SINGAPORE: Ever since personal finance blog The Woke Salaryman put out its first article last year — about the most important things to do to save S$100,000 by the age of 30 — its rise in Singapore’s personal finance landscape has been meteoric.
And it started with an observation by one of its co-founders, He Ruiming, when he was working in advertising.
“(My industry peers) were going to claw machines, buying sneakers, indulging in S$7 coffee every day,” he recalls. “Many creative people like to spend money on stuff that we wear as badges of identity — like, ‘oh this is me, I drink cold brew every morning.’”
Whenever He shared “useful” articles on personal finance with these creative folk, he was told the articles from established voices on the scene, such as the Seedly community, were “so boring”.
That was when he realised there needed to be a “really low bar” for personal finance — a platform “so accessible” that “even if you were a coffee-drinking, sneaker-buying person from advertising, you’d be able to relate (to it)”.
But when The Woke Salaryman was born, even he and co-founder Goh Wei Choon, both 31, were taken by surprise by the “insane” reaction to their first post, which received 6,000 shares on Facebook within a few days.
Today, The Woke Salaryman commands around 171,000 followers on Facebook and 114,000 on Instagram.
It was the same with Dawn Cher, who runs SG Budget Babe. She first rose to prominence with her blog entry about saving S$20,000 in her first year of work on a monthly salary of S$2,500.
During the past few months, bloggers like them have noticed an increased interest in investment-related topics. And with Singapore sinking into recession owing to the COVID-19 pandemic, personal finance platforms like theirs have never seemed more pertinent, especially to millennials.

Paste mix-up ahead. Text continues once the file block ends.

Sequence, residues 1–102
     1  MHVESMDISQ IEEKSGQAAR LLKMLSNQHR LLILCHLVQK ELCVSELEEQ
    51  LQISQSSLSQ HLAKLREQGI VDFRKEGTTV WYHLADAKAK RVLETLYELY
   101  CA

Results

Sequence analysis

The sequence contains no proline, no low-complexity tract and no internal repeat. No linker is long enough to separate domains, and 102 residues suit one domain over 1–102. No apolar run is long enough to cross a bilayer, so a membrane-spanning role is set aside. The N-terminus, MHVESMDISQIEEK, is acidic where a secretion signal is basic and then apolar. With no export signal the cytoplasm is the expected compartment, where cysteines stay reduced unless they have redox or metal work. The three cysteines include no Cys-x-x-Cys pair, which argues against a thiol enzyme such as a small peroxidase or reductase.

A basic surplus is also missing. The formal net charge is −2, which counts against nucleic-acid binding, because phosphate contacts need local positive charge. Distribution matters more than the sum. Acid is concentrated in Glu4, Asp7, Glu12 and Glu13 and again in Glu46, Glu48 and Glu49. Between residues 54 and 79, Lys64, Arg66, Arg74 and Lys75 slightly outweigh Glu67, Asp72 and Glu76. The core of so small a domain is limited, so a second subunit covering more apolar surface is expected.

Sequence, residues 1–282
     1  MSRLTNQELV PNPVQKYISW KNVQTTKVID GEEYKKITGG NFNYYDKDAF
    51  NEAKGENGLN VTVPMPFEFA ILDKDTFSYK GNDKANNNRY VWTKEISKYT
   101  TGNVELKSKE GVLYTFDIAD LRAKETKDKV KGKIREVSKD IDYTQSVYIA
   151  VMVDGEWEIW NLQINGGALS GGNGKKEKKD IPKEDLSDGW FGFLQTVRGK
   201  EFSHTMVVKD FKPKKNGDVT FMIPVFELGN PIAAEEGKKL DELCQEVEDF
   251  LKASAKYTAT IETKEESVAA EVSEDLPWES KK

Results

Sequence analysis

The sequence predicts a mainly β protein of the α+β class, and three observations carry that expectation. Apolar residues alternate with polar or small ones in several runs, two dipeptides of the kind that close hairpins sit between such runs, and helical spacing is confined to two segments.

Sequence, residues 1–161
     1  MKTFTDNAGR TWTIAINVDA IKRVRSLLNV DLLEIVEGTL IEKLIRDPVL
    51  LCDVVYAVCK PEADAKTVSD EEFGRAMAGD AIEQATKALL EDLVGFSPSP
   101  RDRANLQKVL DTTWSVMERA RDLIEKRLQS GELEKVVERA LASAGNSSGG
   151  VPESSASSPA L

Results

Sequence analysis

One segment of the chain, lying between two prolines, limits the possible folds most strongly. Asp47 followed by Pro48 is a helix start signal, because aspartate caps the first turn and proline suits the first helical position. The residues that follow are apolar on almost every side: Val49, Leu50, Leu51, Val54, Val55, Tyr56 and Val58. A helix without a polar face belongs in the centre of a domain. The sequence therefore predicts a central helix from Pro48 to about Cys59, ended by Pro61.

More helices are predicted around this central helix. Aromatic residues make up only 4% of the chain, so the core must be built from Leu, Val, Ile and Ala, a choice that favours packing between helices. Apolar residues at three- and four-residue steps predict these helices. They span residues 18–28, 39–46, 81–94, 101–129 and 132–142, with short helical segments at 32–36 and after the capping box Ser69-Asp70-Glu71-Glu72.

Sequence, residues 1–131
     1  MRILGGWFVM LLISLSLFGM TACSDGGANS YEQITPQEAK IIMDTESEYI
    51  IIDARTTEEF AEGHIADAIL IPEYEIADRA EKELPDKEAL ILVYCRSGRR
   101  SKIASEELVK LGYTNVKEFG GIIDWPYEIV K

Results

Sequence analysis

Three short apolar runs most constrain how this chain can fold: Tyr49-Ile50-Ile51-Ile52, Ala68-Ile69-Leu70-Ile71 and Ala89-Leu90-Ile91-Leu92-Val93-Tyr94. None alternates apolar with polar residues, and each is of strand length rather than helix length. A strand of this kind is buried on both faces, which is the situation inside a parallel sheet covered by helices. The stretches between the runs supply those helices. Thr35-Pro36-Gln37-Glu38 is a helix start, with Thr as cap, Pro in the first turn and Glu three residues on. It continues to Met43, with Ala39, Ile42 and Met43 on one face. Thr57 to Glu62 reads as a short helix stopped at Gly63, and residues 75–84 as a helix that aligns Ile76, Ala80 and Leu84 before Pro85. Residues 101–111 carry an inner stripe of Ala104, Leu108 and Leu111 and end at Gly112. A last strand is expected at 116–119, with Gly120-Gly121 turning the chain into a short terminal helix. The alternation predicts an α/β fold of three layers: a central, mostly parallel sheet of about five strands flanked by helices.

READ: Singapore in technical recession after GDP shrinks 41.2% in Q2 from preceding quarter due to COVID-19
FINANCIAL LITERACY, WHERE ART THOU?
Two in three working Singaporeans do not have sufficient savings to last them beyond six months if they were to get retrenched now, according to an OCBC survey conducted during the “circuit breaker”.
In such cases, they might “roll over credit card debt and default mortgage loans to some extent”, which would be “the worst thing that can happen, because credit card debt is the most expensive debt you can have”, says OCBC executive director of investment strategy Vasu Menon.
The survey, which polled 1,000 working adults aged 21 to 65 and earning S$2,000 and above per month, also found that 40 per cent of respondents planned to pare down their investment portfolio.
“A crisis is the best time to ask questions, because the crisis is a stress test to some extent. And this will come through in the survey results,” adds Menon.
WATCH: Pandemic financial advice for millennials, by millennials (7:52)
The seeming lack of financial prudence among Singaporeans, however, does not mean a lack of curiosity about personal finance.
Menon receives occasional questions about the markets from “eager” undergraduates on LinkedIn. Personal finance bloggers might satiate their “thirst for knowledge”, he says, as these bloggers “have the ability to write things in a more engaging way”.
But for everyone to benefit, the Davids and Goliaths of the finance ecosystem must work together. The banks’ role, he adds, is to “offer a sanity check”, ensuring these bloggers write sense.
Similarly, according to MoneySense, the Monetary Authority of Singapore does not shy away from working with financial blogs such as Dollars and Sense, and even lifestyle platforms like The Smart Local.
These efforts complement MoneySense, which infuses financial education into schools, from primary and secondary levels all the way to the Institute of Technical Education and polytechnics.
Bloggers are also able to provide nuanced insights about their readers, which can come in handy for financial institutions during a crisis.
“The larger the ecosystem, the better the awareness of financial literacy. If these sites keep saying financial literacy is very important, we can (even reach) the unconverted,” says Alvin Chow, 36, the founder of financial education company Dr Wealth.
“It’s also a reflection of demand and supply. When you have endless blogs about finance, it means there’s demand.”
KEEP IT SIMPLE, KEEP IT REAL
With the gamut of personal finance blogs and platforms at one’s fingertips, those that cut through the noise have replaced stuffy branding with illustrations or snazzy stock images, quirky videos, sleek layouts and a conversational tone.
But the rebranding is not merely aesthetic. Firstly, successful blogs like The Simple Sum manage to simplify jargon.